What’s next in the fight over Arkansas executions
Don William Davis would be dead by now if the state of Arkansas followed through on its plans.
In 1990, Davis — riding a four-day cocaine high — shot and killed Jane Daniel, 62, after he broke into and burglarized her home in Rogers, Arkansas. Two years later, he was convicted and sentenced to die. Ever since, he has sat on death row in Varner supermax penitentiary; for months, he’s taken no visitors as his execution date drew near.
But as the May 1 expiration date for Arkansas’ supply of lethal injection drew near, Gov. Asa Hutchinson said he wanted to execute eight men, including Davis, in 11 days. Since the U.S. Supreme Court reinstated capital punishment in 1976, no state has executed so many men in such a short time, said Robert Dunham from the Death Penalty Information Center.
Arkansas planned to execute two men per day starting after Easter Sunday on April 17, April 20, April 24 and April 27. Don Davis would be the first to die.
“Now some of you may think that someone like me cannot be forgiven for all the bad that I have done in this world, but I am not one of them,” Davis wrote in what he believed to be his final statement before his execution was put on hold. “And if you think that I cannot get in the Kingdom of Heaven, then that is between you and your God and that is all I have to say on this subject,” he added, according to the document, which was provided to the NewsHour.
Earlier this month, the group of men originally scheduled to die grew smaller after appeals on behalf of Jason McGehee and Bruce Ward succeeded. The state and attorneys for the remaining men launched a flurry of appeals, too. Their fate is uncertain hour to hour as the expiration date gets closer.
The fight for Davis’ life escalated through a series of appeals and counter arguments to the U.S. Supreme Court late Monday. Without knowing if the court would offer an opinion, prison personnel preemptively served him his final meal on death row of fried chicken, mashed potatoes, rolls, great northern beans, glazed carrots and strawberry cake, said Solomon Graves, a spokesman for the Arkansas Department of Correction.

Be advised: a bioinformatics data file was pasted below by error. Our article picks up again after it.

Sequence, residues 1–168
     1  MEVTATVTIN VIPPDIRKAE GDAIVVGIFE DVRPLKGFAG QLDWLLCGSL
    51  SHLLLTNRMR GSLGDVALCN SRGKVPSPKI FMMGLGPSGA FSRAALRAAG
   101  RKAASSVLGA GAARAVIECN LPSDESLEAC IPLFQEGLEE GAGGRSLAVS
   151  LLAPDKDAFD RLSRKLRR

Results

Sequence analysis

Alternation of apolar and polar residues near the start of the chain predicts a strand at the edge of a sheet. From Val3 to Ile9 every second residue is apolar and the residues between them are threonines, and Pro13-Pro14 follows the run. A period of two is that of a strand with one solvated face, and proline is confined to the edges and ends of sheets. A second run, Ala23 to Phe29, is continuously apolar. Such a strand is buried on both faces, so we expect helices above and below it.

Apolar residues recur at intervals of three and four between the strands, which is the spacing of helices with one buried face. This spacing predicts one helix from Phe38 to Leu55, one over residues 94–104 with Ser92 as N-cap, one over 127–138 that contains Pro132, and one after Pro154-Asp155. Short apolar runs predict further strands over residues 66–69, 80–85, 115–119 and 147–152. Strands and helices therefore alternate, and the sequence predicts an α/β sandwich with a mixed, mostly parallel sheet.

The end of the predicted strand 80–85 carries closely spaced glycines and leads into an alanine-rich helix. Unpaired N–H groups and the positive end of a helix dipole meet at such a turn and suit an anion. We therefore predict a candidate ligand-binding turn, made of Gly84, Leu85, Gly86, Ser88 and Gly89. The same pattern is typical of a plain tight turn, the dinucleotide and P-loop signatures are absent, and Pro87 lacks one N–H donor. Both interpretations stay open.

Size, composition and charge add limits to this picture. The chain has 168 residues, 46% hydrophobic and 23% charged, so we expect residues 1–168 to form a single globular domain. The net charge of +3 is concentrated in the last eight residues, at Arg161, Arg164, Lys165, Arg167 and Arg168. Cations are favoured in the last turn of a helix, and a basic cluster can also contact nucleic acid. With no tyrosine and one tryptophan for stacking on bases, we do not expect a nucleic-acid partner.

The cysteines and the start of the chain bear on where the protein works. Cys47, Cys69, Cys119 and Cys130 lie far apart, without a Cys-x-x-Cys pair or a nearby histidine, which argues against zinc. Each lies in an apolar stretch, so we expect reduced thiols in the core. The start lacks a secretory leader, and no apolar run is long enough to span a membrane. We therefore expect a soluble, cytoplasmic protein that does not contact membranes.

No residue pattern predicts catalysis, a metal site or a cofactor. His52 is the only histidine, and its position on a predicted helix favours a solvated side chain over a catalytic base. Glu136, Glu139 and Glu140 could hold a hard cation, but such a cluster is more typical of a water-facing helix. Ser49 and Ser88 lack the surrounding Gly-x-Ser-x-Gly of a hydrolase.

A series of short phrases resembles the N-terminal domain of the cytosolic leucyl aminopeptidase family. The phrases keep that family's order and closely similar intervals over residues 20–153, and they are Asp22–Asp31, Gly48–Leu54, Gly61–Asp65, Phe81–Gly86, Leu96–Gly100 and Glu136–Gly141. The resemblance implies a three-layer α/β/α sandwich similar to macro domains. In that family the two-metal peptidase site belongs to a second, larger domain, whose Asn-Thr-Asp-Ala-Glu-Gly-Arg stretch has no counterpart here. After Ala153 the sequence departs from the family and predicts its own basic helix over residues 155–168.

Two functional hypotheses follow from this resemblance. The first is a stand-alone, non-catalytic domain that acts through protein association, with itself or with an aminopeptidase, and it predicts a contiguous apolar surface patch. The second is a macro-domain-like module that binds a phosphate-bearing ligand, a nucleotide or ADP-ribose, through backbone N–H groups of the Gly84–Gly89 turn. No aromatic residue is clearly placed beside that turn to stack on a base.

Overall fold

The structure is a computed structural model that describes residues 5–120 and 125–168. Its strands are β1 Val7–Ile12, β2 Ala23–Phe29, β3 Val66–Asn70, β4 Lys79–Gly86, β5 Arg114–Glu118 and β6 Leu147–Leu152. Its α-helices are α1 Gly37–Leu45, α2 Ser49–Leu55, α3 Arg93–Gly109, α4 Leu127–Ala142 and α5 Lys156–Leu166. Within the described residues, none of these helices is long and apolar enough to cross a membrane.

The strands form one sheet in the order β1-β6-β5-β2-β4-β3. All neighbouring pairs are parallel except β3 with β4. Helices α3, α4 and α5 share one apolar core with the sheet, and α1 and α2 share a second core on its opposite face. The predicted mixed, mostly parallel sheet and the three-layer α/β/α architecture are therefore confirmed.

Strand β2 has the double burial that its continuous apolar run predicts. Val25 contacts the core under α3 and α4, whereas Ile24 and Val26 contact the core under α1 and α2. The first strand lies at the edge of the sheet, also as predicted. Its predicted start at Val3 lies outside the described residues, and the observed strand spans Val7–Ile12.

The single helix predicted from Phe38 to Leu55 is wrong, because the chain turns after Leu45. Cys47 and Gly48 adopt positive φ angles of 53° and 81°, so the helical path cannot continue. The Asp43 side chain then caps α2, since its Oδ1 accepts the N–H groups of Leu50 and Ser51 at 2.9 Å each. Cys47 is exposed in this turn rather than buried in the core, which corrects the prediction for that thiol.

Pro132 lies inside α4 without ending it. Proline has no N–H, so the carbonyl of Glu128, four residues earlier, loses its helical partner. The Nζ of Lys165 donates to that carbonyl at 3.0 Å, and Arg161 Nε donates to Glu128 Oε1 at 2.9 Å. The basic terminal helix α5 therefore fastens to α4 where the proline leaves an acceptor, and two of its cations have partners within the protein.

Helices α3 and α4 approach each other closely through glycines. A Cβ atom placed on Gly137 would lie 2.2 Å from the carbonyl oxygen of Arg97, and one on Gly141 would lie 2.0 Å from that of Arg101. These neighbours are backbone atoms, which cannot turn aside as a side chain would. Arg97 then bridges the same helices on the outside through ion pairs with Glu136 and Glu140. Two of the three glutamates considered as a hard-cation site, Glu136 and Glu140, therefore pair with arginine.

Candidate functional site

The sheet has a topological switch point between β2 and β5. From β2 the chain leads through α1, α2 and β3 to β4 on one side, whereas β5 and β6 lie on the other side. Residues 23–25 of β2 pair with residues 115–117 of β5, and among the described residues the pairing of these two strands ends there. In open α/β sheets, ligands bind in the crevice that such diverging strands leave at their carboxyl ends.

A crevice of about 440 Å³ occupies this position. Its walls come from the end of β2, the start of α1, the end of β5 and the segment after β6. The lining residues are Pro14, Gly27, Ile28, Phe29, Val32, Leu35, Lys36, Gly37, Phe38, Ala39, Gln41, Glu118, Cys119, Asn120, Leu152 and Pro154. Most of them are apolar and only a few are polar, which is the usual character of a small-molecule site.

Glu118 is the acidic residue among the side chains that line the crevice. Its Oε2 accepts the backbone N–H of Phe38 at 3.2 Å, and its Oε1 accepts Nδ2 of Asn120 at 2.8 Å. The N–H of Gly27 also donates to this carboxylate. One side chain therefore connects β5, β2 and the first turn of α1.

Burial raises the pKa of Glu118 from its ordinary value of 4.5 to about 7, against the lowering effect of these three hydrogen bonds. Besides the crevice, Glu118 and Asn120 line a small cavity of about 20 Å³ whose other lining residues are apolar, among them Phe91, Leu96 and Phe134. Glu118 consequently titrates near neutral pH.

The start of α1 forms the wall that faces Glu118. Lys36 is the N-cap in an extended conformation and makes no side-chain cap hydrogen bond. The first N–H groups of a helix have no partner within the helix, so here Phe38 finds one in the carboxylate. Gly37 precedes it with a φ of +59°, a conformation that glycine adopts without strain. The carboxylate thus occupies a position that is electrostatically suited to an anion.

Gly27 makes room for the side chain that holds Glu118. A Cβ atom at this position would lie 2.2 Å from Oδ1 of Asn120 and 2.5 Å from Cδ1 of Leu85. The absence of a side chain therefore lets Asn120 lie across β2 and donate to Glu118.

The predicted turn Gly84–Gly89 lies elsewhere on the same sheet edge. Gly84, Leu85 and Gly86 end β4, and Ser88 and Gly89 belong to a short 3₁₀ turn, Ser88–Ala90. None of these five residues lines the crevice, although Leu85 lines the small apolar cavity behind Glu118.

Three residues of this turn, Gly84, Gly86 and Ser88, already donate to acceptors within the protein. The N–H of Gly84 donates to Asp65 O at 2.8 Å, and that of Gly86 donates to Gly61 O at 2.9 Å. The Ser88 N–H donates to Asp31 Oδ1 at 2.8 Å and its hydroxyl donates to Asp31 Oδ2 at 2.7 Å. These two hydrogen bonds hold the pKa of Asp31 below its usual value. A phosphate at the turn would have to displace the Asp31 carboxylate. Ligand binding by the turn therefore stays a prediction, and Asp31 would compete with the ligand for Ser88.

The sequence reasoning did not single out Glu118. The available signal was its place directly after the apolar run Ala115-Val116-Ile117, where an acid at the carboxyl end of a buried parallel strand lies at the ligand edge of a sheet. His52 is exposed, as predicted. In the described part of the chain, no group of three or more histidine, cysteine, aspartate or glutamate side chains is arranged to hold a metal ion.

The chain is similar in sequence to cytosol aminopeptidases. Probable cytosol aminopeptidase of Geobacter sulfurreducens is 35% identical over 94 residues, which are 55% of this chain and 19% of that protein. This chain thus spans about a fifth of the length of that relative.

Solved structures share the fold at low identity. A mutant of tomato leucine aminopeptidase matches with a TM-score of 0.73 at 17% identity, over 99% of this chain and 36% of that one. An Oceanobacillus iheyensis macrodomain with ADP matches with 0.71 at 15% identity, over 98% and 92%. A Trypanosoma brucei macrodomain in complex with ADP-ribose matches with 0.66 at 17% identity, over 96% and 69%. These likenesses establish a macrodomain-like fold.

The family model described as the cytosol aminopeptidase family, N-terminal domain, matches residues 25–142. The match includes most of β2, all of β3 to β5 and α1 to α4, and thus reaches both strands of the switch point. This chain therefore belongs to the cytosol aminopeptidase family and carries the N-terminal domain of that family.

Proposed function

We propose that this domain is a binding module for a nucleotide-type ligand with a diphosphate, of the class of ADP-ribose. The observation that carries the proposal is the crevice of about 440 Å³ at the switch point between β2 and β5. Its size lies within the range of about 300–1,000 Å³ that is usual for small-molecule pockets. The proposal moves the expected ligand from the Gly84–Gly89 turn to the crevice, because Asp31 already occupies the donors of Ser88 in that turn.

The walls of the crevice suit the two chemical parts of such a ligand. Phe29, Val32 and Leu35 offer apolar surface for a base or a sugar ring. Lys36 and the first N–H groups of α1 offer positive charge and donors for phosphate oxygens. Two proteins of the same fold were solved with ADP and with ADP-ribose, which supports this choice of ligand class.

By 1 a.m. Tuesday — when Davis’ execution warrant expired — the Supreme Court issued a 35-word order that rejected Arkansas’ argument to execute Davis: “The application to vacate the stay of execution of sentence of death entered by the Arkansas Supreme Court on April 17, 2017, presented to Justice Alito and by him referred to the Court is denied.”
With the court’s decision, Gov. Hutchinson would have to schedule a new date for Davis’ execution, and five men in Arkansas still face the death penalty before May 1, according to the state’s Attorney General Leslie Rutledge.
The first, Stacey E. Johnson and Ledell Lee, would be executed on Thursday, pending any appeals or court decisions, said Judd Deere, a spokesman for Rutledge’s office.
“There are five scheduled executions remaining with nothing preventing them from occurring, but I will continue to respond to any and all legal challenges brought by the prisoners,” Rutledge said in a written statement. “The families have waited far too long to see justice, and I will continue to make that a priority.”
Jane Daniel’s daughter, Susan Khani, recently told NBC News her family has “suffered long enough, and my mom really suffered.” In 2010, the Supreme Court also spared his life six hours before he was scheduled to die. This time, she said she wanted Davis’ execution to happen.
“I don’t want him to be able to speak my mother’s name ever again,” Khani told NBC. “He’s the last one that saw her during her most vulnerable time.”
People who have spoken with Davis say he has changed since he killed Daniel.
Back in 2006, when Davis still took visitors, a 17-year-old Catholic high school student from Little Rock followed a journalism class assignment to Arkansas’s Death Row. He sat across plate glass from Davis. The inmate’s hulking presence looked like Bill Clinton if the former president and Arkansas governor had been a football player, Chase de Saint-Felix recently told the NewsHour.
For an hour, Davis ate popcorn and talked while de Saint-Felix listened to him map out his life and where everything went off course. Davis wasn’t perfect, but he wasn’t a monster, either, de Saint-Felix said. Walking out of The Row, he said he was struck by the fact that Davis was “just an average guy.”
Chase de Saint-Felix, now 28, teaches ethics, religion and theology to Catholic school boys in Baltimore, Maryland. In his classes, whenever the idea of evil people emerges, his thoughts return to the day he met Davis.
“Everyday people are capable doing evil things simply by not thinking about what they’re doing,” he said. “If we’re all waiting for some cackling villain, we’re going to be waiting a while.”